An Elephant in the Room

If Dr. Seuss and Lewis Carroll had a love child, the result would be a grinning 5ft Scot with an arsenal of absurd pun-studded songs wielding a double bass and a pocketful of anecdotes about Oz. Edinburgh beware: Wee Leggie has returned home.

As an award winning comedian, Legg is versatile enough to think on his feet, but the jokes don’t reach the punch quickly enough

Born and bred in Edinburgh, John Legg, known better by his stage name ‘Wee Leggie’, lived for 40 years in Adelaide, Australia, where the Scot garnered his experiences for his comedy. Legg’s humour draws upon the nature of taboo by incorporating lyrics to otherwise embarrassing or uncomfortable topics including incontinence, euthanasia and cannibalism, all the while plucking along to his wooden companion. At the same time he draws upon his experiences in Australia to bring a somewhat richer experience for the audience. Legg is informative about his work, though has a bizarre habit of rhyming his words into his songs before actually singing as he peddles an entertaining medley of tunes. Memorable numbers include The Thong Song, Failure in Australia and Small Men’s Sizes.

As an award winning comedian, Legg is versatile enough to think on his feet, but the jokes don’t reach the punch quickly enough, which is arguably the biggest problem the show suffers from, whilst at the times the act feels a little lowbrow. That said, however, anyone who can make a tale about a trip to a stationery store interesting deserves some praise. The act as whole slowly gets better as it progresses, whilst the audience will appreciate their input in the last couple of songs as Legg involves them in the chorus.

For a free show, An Elephant in the Room does deliver some laughs and some ridiculous songs that are mildly amusing, though does not live up to the standards of your average paid show. That said, if you are looking for something that borders the ‘out there’ zone on the Fringe then toddle down to Finnegan’s Wake and witness the Mad Hatter himself and his double bass; just don’t expect to find Alice with him.

Reviews by Stuart Mckenzie

Mirth Meltdown @ 52 Canoes

A Pessimist's Guide to Being Happy

★★★★
The Stand’s New Town Theatre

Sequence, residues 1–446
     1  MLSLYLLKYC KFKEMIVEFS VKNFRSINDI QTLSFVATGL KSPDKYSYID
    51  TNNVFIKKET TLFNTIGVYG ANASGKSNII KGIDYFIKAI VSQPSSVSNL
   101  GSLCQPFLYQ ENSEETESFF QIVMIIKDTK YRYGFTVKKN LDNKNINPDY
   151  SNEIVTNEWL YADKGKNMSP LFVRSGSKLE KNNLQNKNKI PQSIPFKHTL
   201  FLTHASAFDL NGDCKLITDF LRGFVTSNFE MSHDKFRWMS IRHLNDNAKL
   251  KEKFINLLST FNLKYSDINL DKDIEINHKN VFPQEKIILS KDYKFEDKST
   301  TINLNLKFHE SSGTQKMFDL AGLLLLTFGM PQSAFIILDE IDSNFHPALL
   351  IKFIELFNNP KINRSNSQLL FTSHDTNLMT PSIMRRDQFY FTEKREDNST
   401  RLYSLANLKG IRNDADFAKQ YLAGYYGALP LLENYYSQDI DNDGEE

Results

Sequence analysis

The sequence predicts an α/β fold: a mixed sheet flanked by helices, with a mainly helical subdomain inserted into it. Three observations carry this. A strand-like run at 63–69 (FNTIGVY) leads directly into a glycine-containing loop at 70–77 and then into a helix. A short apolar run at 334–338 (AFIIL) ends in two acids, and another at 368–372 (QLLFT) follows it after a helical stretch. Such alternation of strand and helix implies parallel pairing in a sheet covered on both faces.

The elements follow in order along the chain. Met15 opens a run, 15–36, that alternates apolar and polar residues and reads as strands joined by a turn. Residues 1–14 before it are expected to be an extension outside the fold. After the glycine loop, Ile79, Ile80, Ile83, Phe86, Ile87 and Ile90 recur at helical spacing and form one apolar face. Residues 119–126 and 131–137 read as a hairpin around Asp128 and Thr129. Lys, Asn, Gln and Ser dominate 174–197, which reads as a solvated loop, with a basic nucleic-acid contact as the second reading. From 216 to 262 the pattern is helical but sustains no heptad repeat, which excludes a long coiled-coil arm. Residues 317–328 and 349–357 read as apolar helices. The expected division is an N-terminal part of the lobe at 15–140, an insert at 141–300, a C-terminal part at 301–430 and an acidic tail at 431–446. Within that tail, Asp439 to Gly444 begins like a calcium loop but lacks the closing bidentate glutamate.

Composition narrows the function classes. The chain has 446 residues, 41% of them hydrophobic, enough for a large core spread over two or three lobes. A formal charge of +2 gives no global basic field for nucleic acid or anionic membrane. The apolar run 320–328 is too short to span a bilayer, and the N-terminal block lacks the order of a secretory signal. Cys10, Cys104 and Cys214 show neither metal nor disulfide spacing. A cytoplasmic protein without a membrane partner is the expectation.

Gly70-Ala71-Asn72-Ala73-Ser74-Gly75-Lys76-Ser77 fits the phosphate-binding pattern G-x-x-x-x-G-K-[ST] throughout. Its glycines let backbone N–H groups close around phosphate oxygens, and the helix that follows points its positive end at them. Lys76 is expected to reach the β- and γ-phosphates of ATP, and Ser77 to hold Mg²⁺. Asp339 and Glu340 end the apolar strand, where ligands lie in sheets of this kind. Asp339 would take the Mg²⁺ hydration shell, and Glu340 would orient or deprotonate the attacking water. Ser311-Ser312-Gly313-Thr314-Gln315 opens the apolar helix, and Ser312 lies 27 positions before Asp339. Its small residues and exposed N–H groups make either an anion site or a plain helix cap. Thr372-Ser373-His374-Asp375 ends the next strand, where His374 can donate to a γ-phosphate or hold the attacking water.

Is God a Psychopath?

★★★★
Gilded Balloon Teviot

John Pendal: Monster

★★★★★
The Jazz Bar

The Katet Plays Stevie Wonder

★★★★
Scottish Poetry Library

Umbrella Man

★★★★★

Since you’re here…

… we have a small favour to ask. We don't want your money to support a hack's bar bill at Abattoir, but if you have a pound or two spare, we really encourage you to support a good cause. If this review has either helped you discover a gem or avoid a turkey, consider doing some good that will really make a difference.

You can donate to the charity of your choice, but if you're looking for inspiration, there are three charities we really like.

Mama Biashara
Kate Copstick’s charity, Mama Biashara, works with the poorest and most marginalised people in Kenya. They give grants to set up small, sustainable businesses that bring financial independence and security. That five quid you spend on a large glass of House White? They can save someone’s life with that. And the money for a pair of Air Jordans? Will take four women and their fifteen children away from a man who is raping them and into a new life with a moneymaking business for Mum and happiness for the kids.
Donate to Mama Biashara now

Theatre MAD
The Make A Difference Trust fights HIV & AIDS one stage at a time. Their UK and International grant-making strategy is based on five criteria that raise awareness, educate, and provide care and support for the most vulnerable in society. A host of fundraising events, including Bucket Collections, Late Night Cabarets, West End Eurovision, West End Bares and A West End Christmas continue to raise funds for projects both in the UK and Sub-Saharan Africa.
Donate to Theatre MAD now

Acting For Others
Acting for Others provides financial and emotional support to all theatre workers in times of need through the 14 member charities. During the COVID-19 crisis Acting for Others have raised over £600,000 to support theatre workers affected by the pandemic.
Donate to Acting For Others now

Performances

Location

The Blurb

Scottish migrant Wee Leggie returns from Australia with the wrong accent, double bass and swag-full of big hairy things we pretend don’t exist such as euthanasia, stationery-lust and incontinence. Humorous original songs, engaging spoken word and dark satire. ‘A poetic and singing performance that had the whole crowd participating’ (RipItUp.com.au). Amputee Song: ‘…a deliciously perverted and quirky love song to an amputee, with brilliant rhymes and a swinging tune, which evokes Tom Lehrer in its clever subversion' (TheatreGuide.com.au). Designer Death, for boomers with tumours: ‘A blitz’ (WirraCreekMusic.com.au). Music composed by Ian Lehmann.

Most Popular See More

Mamma Mia!

From £18.00

More Info

Find Tickets

Mary Poppins

From £24.00

More Info

Find Tickets

Wicked

From £24.00

More Info

Find Tickets

Dear Evan Hansen

From £30.00

More Info

Find Tickets

Back to the Future - The Musical

From £24.00

More Info

Find Tickets

The Book of Mormon

From £24.00

More Info

Find Tickets